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History of the Cajuns: Encyclopedia of Cajun Life

While the Acadians were as literate as the rest of the general population, the 19th century world perceived them as uneducated.  They were considered as an element of the white trash of Louisiana. 

It was a simple fact that an extended education was unnecessary as far as many Acadians were concerned.  They lived a simple life of farming, ranching, and hunting.  Once they learned  to  communicate well enough to earn a living, more education was not needed.

Cajun education took a turn in the early 20th century.  Though more children were going to school, the state of Louisiana decided that English was to be the only language utilized in school.  This was set up in the 1921 constitution.  Although the idea was abolished by the U.S. Supreme Court two years later, Louisiana schools retained the practice for over four decades.  This English-only education has resulted in several generations of Cajuns who have not learned the ancestral language of their culture.

Rural Schooling

    The education of the public has been badly neglected in Louisiana.  The unconcern of the rural population, the long distances from home to school, the poor education of the teachers, the lack of confidence in the schools, the low salaries, the lack of proper buildings, have all worked against the establishment of elementary schools until the present (1875).
    In the last few years one sees a notable improvement in public instruction.  The schoolmasters are better chosen, they must pass an examination, school-houses are being built, and the schools inspected; the teaching is no longer a matter of the individual teacher’s fancy but follows a new and uniform plan.  Before 1850, one had only to know how to read, write and cipher up to the rules of interest to find a job as a schoolteacher.  There was much concern for numbers but grammar was in low esteem, and as in the time when the older people of our own day were at school, handwriting was stressed at the expense of spelling.  More than three-quarters of the “habitants” could not readily read handwriting; a certain number, especially among the women, could neither read nor write.  Today, in spite of the great impetus given education, one meets many people who can neither read nor sign their names.  These are usually older people, especially women, who could not when young receive the advantages of elementary schooling. 
    Half the younger generation can read and write English more or less correctly, and French to some extent.  However, very few are sufficiently educated to keep books for the farm or write a clear letter or narrative.  This is due to the ineptitude of the individual in some cases, to his neglect in others, or to the small interest his parents showed in education.
    Indeed there are intelligent, clever children who attend school for five or six years without learning more than a little reading and writing.  Others, though they profited from their lessons, quickly forgot their little pack of learning.  This is true of the greater part of the young population from twenty to thirty.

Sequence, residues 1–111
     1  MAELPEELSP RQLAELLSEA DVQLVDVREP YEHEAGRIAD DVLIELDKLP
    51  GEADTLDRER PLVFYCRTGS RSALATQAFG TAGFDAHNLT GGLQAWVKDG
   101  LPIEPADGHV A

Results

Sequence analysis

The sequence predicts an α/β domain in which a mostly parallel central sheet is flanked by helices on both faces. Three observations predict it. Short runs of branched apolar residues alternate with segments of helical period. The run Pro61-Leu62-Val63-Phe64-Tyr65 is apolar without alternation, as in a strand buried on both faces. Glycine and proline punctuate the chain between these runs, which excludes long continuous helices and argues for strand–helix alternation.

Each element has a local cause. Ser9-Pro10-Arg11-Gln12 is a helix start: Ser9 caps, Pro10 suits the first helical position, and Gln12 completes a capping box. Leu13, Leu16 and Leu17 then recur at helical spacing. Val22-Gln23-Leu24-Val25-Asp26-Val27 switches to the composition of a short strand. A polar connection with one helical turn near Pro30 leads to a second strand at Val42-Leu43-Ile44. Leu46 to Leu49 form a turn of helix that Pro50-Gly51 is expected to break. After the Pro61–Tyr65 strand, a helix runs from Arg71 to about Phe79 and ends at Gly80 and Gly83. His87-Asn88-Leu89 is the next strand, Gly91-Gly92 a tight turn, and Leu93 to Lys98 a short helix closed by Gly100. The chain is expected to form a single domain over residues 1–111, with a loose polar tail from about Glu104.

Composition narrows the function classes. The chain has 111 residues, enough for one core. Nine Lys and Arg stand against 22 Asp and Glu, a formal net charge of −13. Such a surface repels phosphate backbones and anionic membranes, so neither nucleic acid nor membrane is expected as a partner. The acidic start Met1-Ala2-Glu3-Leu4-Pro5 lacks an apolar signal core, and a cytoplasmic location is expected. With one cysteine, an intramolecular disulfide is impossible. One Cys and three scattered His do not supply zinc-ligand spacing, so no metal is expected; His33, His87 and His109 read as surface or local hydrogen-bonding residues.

Most parents think their children know enough when they have a fairly good handwriting and read without too much hesitation.  They then hastily remove them from school and put them to work.  In most farm houses, there is neither paper nor pen and ink.  Books are rare.  There are almanacs, prayer-books, some devotional works, and nothing more.  Parents who have never read a book, and who honestly believe that to be a farmer one requires only a little reading, writing, and arithmetic, would probably view with jaundiced eye any interest in books or writing for pleasure among their grown children. 
    The children themselves do not tend to pursue further study because they have not progressed enough to read even the simpler material they can come by without troublesome effort.
    Further, the demands of daily work, friendly visiting and youthful pleasure, which fill up the lives of the young, militate against any continued interest in letters.  In short, books and pen are put aside, and at the age of 21, one can do no more than read and sign one’s name.
    Girls read much more than boys, but most do not write.  Once married, they say farewell to the pen and almost never use one again, especially when they become farmers’ wives.

   Fletcher, Joel Lafayette. Louisiana Education Since Colonial Days. Lafayette, LA:  Southwestern Louisiana Institute, 1948.
    Stephens, Edwin L. "The Story of Education in Acadiana and a Tribute to Robert Martin, Founder of S.L.I.," Attakapas Gazette, 26 (1991): 141-44.
    Stephens, Edwin Lewis. "The Story of Acadian Education in Louisiana," Louisiana Historical Quarterly, 18 (July, 1935): 397-406.
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Cajuns in the 18th Century   •  Cajuns in the 19th Century  • Cajuns in the 20th Century  •••  Encyclopedia of Cajun Life
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